On September 25, 2015, Oxford submitted an Organizational Plan to the State for the Pink Poker Prance event that the State accepted. (ECF No. 49-4 at 1). The Organizational Plan stated that the “Event Director, ” i.e. Ms. Drennen, “has overall responsibility for the safe conduct of the event” and “shall coordinate with the park authorities prior to the ride to ensure that [the] trail is in good shape and course conditions are suitable for safe conduct of the event.” Id. As part of the Organizational Plan approval, Oxford secured one million dollars ($1, 000, 000.00) in insurance and agreed to pay the State a one hundred twenty-five dollar ($125.00) reservation fee. (ECF Nos. 52-11, 52-12).

         B. Plaintiff's Injury at the 2015 Pink Poker Prance

         On October 11, 2015, the date of the event, Oxford provided Pink Poker Prance participants with event instructions when they entered the Fair Hill parking lot. (ECF No. 50-9 at 10-11). Participants were instructed to: (1) stop at the registration tent upon arrival to pick up their first poker card and a goodie bucket; (2) proceed to the photo opportunity area; and then, (3) proceed to the starting gate, where they would receive their second poker card. (ECF No. 50-11; Dep. of Lisa Garvine, ECF No. 50-4 at 24-27). The station for receiving the second poker card was between fifty (50) and seventy (70) feet from the beginning of the Orange Trail. (ECF No. 50-9 at 15). All of the approximately three hundred fifty (350) participants were also required to sign a waiver and release before heading out on the trail. Id. at 8-9, 18.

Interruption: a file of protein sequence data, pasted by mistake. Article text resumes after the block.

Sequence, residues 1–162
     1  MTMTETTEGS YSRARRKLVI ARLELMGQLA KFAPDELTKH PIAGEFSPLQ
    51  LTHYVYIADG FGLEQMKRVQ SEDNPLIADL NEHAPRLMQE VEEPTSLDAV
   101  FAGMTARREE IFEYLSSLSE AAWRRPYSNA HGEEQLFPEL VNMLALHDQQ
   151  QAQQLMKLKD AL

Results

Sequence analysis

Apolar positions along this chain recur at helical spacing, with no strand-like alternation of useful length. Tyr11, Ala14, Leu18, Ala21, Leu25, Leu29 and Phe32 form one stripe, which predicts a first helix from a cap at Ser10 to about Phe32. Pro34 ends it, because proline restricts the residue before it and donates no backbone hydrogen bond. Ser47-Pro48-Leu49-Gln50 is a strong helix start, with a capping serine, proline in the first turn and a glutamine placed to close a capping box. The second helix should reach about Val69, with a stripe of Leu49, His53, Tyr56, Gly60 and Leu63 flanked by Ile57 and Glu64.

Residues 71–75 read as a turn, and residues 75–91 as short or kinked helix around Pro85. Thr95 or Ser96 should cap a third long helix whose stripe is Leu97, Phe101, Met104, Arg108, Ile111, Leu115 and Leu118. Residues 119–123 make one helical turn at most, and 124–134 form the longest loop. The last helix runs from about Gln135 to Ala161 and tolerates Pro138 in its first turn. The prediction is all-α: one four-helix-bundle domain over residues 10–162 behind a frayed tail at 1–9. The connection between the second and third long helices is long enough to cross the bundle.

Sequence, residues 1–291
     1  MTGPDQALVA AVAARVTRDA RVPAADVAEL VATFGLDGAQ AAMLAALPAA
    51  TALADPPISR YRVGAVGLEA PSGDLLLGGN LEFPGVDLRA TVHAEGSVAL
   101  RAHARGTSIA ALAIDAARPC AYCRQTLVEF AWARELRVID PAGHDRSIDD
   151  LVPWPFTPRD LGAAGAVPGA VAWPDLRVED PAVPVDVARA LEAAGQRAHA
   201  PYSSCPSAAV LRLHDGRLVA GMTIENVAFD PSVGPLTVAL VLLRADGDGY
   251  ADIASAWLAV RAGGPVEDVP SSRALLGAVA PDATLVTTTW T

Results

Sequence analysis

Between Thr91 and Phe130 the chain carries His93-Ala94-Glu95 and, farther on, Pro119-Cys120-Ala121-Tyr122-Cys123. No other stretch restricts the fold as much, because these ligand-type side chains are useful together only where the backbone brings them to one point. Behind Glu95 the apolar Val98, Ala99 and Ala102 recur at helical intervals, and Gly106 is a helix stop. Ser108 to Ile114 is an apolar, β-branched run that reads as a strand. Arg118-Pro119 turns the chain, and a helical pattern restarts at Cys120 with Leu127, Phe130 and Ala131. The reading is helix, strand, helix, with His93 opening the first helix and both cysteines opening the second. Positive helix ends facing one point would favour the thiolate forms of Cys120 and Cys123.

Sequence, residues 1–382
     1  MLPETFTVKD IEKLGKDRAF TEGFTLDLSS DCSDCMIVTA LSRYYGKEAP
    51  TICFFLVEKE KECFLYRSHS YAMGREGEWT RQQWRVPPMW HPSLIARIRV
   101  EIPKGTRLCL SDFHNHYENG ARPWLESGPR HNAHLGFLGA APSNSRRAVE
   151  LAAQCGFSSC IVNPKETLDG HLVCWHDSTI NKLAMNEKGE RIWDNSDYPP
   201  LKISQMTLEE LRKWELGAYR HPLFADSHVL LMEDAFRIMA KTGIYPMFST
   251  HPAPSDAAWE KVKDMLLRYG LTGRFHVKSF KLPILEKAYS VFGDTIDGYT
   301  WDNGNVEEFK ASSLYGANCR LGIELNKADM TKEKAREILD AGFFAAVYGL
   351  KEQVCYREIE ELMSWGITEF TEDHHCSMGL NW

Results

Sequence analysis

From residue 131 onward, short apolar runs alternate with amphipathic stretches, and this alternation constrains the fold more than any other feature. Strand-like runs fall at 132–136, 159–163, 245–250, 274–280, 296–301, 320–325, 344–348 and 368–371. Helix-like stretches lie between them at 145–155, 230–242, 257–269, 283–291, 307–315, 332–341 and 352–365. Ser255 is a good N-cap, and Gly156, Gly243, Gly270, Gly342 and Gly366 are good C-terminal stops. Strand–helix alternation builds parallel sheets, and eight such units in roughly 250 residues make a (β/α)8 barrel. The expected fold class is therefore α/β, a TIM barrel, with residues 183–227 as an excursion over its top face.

Lisa Garvine arrived at the event with her fiancé's adult daughter, LeeAnn Haaf, and her two horses, Ice and Reiner. (ECF 50-4 at 21; 98-99). Before the event began, they were joined by Ms. Garvine's best friend, Sandy Boyer, as well as Ms. Garvine's cousin, Rodney Klair, and his girlfriend. (ECF No. 49-1 at 6). Ms. Garvine did not pay any entrance fee to use the Fair Hill premises on that date, but she did pay a thirty-five dollar ($35.00) fee to Oxford for participation in the event. (ECF No. 53-2 at 7). Ms. Garvine also bought tickets for raffle items, (ECF No. 50-4 at 81-82), and signed the registration form, (ECF No. 50-13). The registration form included a waiver: